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Essentially England News - Of Love Locks and Puddings (or Tarts)
April 03, 2016
Love Locks and Puddings
Has spring arrived where you are? Our weather here can't quite make up its mind. It's sunny and cold, then slightly warmer and raining as if it never wants to stop. But I've seen the first lambs in the fields, and the daffodils that are out and flowering have survived storm Katie - so I'm starting to believe that spring is on the way. Just dawdling a little…
We're hoping to spend a bit more time this year exploring the countryside, historical sites and local food. First stop on that journey was Bakewell in Derbyshire, a day trip that started out as a pudding exploration and ended with us buying a padlock.
A Bridge of LocksWe like to celebrate our anniversary with a day out and this year, Derbyshire won… It was Sunday and the first really nice day in what felt like forever, so everyone who could get away was out to enjoy the sunshine. The ice cream vans did a roaring trade, the ducks on the river were fed to bursting, and a lot of the local pubs and cafes offered seating outside.
Yes, there were people everywhere, but Bakewell is a cheerful place and the mood soon rubbed off. Helped along by an excellent lunch of Yorkshire Pudding, local sausages and gravy, which set the tone for later explorations.
Then we spotted something that made our choice to visit Bakewell seem positively inspired. Like Paris, Cologne, Melbourne or Seoul - Bakewell now has a bridge of locks.
It's a tradition that seems to have started in Paris when couples added padlocks with their names to a bridge over the river Seine as a token of their love and commitment. As long as the lock stays in place, their love stays strong - which is a bit of a problem for couples who left their locks on the Paris bridge. According to some news reports, the weight of the thousands of locks caused part of the bridge to collapse, and in 2014 the French authorities decided to remove the locks from the bridge rather than risk its total destruction.
I'd never known Bakewell to have joined the string of famous love lock bridges around the world… but it was the perfect find for our anniversary.
Reading the inscriptions that decorate the locks is as fascinating as wandering an old cemetery and reading the stones. And no, I'm not being morbid. I think you can learn and imagine a lot about a person, the people around them and the time they lived in, by looking at inscriptions on grave stones. On Weir Bridge in Bakewell, it wasn't just lovers who'd left locks. There were many locks placed in memory. Locks that celebrated the life of a father or brother or granddad. There were locks placed as pledges of friendship on the last day of school… and yes, there were pledges made by couples.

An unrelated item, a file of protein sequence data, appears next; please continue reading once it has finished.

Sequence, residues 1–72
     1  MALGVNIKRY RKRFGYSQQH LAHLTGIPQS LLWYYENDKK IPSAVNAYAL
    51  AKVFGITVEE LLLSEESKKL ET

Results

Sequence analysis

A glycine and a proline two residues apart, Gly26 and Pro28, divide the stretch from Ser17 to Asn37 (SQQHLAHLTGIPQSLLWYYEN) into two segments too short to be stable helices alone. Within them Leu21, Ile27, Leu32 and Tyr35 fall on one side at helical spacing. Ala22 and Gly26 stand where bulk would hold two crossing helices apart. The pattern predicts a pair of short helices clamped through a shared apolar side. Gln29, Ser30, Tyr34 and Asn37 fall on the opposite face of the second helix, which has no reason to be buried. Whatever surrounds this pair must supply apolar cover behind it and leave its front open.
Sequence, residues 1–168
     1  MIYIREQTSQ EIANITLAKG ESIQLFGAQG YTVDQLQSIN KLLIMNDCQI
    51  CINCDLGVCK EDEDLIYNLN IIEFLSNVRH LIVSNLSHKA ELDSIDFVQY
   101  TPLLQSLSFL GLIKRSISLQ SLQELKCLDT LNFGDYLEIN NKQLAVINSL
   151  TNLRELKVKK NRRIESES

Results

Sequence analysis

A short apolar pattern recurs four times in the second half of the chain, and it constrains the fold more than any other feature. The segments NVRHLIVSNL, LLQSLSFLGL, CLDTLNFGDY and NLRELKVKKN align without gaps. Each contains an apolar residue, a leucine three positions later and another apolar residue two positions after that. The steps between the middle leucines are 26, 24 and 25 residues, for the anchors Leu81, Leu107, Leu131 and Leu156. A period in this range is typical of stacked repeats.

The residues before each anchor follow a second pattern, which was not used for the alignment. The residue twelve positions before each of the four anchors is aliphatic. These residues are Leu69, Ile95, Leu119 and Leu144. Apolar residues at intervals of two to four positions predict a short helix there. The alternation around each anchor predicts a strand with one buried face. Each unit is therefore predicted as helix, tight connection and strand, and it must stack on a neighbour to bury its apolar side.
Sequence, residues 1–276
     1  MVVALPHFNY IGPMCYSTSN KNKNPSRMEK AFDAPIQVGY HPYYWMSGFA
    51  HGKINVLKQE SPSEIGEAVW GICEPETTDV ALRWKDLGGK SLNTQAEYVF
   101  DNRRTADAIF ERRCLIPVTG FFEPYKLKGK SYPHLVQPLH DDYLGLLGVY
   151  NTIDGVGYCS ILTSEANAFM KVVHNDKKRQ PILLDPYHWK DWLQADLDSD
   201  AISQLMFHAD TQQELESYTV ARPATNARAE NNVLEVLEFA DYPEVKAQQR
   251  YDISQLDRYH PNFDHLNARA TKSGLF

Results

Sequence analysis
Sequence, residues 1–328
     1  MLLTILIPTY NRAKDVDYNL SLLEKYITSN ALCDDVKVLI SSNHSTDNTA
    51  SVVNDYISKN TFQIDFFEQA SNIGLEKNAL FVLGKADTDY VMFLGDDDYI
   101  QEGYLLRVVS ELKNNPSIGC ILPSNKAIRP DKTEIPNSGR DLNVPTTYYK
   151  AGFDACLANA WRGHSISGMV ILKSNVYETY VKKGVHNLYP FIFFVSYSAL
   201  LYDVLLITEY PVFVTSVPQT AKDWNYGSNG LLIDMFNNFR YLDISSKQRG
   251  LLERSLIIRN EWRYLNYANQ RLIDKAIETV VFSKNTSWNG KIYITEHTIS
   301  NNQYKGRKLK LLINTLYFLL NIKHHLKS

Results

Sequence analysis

Did we add a lock of our own to the bridge? Of course we did.
Puddings... or maybe tarts?The other reason to choose Bakewell as the destination for our day out had to do with food. I'd realised that I didn't have any proper photos of Bakewell's other claim to fame: the Bakewell Pudding. And that was a state that simply couldn't continue.
Bakewell Pudding is one of those foods that come with a storybook attached. Legend has it that, in 1860, the cook at the White Horse Inn had a bad day and accidentally added a topping of sugar, eggs and almonds to a strawberry tart.
The Taste of Britain, my go-to tome for food-related wisdom, tells me it's a legend, that Bakewell Pudding was first mentioned in 1845 and that - back then - no pastry was involved. Just a thick custard poured over jam or candied peel. A puff pastry base was added later and the layer of jam got thinner.
Of course, there are Bakewell tarts, too - and they are easy to spot since they don't use puff pastry for a base. Here's our haul…one pudding, two tarts.
We got ours at the Old Original Bakewell Pudding Shop, where they don't just bake and sell Bakewell Pudding, but also the original Iced Bakewell Tart, the almond tart and other tasty goodies. If you're ever in Bakewell, you could join a class learning from the masters how to bake your own. Or, if you'd rather eat than bake, you could post yourself a pudding right from their website. They're not just tasty, they make great gifts, too.
And Next Month …And that's it from me for the moment. I'm very much looking forward to one of my favourite events of the year: the start of the English asparagus season on April 23rd. Seeing how chilly it still is, I'm not convinced the green spears will be ready in time, but I'm hoping very much to be proven wrong. If you love asparagus as much as I do, join me next month when I'm planning to share my favourite recipes… and talk a bit about asparagus festivals.
Meanwhile, please keep well, and I'll be back next month!
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